For anyone who is sexually active or in their child-bearing years, the threat of getting HIV or AIDS is a scary thought. Back in the days, only a small fraction of the population gets infected but nowadays both heterosexual and homosexual relationships are at risk. Our modern lifestyle of casual hook-ups and one-night stands are contributing factors to this rising phenomenon. Even the use of illicit drugs like heroin is a culprit why people get it even though they practice safe sex.
HIV is the acronym for Human Immunodeficiency Virus. When an individual’s immune system severely weakens and is characterized by a CD4 count that is below 200, a person is then diagnosed with AIDS or Acquired Immune Deficiency Syndrome. It is known as the last stage of an HIV infection or an advanced HIV infection. This viral infection is unlike common viral infections like the common cold which is self-limiting. HIV is a lifelong infection leaving an individual HIV positive for life. The virus attacks the body’s immune system and destroys WBCs or white blood cells, so the body is unable to protect itself from invading pathogens or illness.
The population of people who are living with HIV and AIDS is ageing fast. This reflects the ‘good news’ story of the effectiveness of anti-retroviral drugs that have meant that many people with HIV now have a near-normal life expectancy. However, part of this growth is also new infections in the older age group, accounting for 17 per cent of all new HIV diagnoses in 2015 in the US. The trend is seen most clearly in developed countries, where people have better access to high quality health care, but is also replicated around the world. Over 30 million people in Sub Saharan Africa are now living with HIV and 10 per cent of them are over 50. Around half of the people living with HIV in the US are over the age of 50 and that number is set to rise.
Short of someone finding a cure for HIV, we now have to face the issue of how we are going to provide them with the right care and support in the decades to come. This is both a challenge and an opportunity. We need to ensure that the health services are tailored to the different needs of people who are entering retirement and may have other issues to deal with including co-morbities that come with age, and social isolation.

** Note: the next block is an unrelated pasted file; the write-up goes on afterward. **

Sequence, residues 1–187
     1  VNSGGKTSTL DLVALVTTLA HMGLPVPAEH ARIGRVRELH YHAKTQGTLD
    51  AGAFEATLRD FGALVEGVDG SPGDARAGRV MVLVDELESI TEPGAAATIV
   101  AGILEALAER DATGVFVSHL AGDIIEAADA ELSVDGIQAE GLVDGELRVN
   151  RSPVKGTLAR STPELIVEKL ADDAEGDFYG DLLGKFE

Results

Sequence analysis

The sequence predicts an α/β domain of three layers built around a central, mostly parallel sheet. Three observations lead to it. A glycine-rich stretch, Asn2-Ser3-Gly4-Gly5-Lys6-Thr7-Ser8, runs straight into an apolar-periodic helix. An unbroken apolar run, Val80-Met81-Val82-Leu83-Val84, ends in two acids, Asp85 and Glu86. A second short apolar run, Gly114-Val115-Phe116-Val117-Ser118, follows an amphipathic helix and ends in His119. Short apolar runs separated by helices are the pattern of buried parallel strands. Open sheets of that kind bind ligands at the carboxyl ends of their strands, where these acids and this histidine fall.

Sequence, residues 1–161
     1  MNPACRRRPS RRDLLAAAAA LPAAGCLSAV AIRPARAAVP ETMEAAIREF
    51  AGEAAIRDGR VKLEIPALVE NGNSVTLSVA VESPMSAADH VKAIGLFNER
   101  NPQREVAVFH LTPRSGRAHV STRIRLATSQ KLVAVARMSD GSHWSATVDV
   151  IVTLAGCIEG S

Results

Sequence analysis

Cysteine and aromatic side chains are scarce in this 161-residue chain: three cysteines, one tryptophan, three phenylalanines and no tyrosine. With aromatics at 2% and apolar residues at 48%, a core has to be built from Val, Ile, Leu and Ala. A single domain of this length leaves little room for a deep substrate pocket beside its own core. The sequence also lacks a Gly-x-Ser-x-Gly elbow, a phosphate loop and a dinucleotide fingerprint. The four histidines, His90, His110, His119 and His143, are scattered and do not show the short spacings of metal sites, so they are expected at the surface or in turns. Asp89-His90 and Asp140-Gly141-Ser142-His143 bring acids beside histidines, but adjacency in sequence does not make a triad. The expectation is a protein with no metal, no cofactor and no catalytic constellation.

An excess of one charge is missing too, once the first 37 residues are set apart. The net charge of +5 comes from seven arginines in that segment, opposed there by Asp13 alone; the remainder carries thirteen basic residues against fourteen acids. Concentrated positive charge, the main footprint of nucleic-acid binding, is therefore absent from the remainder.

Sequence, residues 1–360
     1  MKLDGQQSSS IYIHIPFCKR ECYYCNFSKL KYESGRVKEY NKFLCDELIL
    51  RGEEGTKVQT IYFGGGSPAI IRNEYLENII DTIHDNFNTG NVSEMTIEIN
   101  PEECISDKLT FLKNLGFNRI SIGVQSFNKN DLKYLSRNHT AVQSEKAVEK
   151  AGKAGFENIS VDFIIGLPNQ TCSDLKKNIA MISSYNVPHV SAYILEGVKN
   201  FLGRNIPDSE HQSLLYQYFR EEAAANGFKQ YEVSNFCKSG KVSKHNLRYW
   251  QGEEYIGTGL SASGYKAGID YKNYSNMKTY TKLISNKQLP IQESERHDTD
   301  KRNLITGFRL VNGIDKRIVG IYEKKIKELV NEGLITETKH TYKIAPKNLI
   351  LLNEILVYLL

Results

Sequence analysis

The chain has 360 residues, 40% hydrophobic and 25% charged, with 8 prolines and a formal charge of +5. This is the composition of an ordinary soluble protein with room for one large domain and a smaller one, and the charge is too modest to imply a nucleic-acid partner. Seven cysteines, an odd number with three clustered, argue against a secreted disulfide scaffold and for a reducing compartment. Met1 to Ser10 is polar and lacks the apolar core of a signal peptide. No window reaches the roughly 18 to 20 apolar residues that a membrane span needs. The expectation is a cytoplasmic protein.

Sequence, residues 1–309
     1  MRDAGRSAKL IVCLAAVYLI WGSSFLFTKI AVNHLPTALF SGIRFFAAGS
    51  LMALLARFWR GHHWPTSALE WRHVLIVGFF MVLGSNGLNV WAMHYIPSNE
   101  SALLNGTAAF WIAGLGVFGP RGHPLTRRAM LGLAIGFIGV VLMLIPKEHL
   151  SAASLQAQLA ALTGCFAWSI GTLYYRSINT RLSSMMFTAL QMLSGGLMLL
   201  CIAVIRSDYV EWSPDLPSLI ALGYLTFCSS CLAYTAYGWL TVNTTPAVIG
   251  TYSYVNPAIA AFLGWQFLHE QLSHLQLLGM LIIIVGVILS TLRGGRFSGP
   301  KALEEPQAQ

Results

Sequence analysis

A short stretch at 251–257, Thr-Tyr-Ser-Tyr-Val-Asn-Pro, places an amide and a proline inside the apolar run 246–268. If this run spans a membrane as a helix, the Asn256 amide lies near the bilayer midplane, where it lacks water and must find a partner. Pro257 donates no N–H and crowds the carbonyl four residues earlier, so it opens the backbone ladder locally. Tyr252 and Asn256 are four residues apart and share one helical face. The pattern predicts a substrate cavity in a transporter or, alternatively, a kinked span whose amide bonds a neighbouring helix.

While we often associate HIV infections with younger people who have higher libidos, multiple sexual partners, and rampant drug abuse, a big number of the older population also suffer from the condition and live with it until their death. They also have to deal with the stigma of being diagnosed with such an infection.
Shortly after the 2017 presidential inauguration, the web page for the Office of National AIDS Policy was removed, and terms such as “LGBT,” “Lesbian,” “Gay,” “Bisexual” and “Transgender” were stripped from the new White House website. A few weeks later, the Trump administration lifted federal guidelines that said transgender students should be allowed to use public school bathrooms and locker rooms matching their chosen gender identity. There is still no mention of HIV and AIDS in President Trump’s health care policy. Now the Republican-led U.S. House of Representatives is attempting to fast-track its Obamacare replacement plan. And we have every reason to be frightened and angered by the proposed plan and its potential outcomes.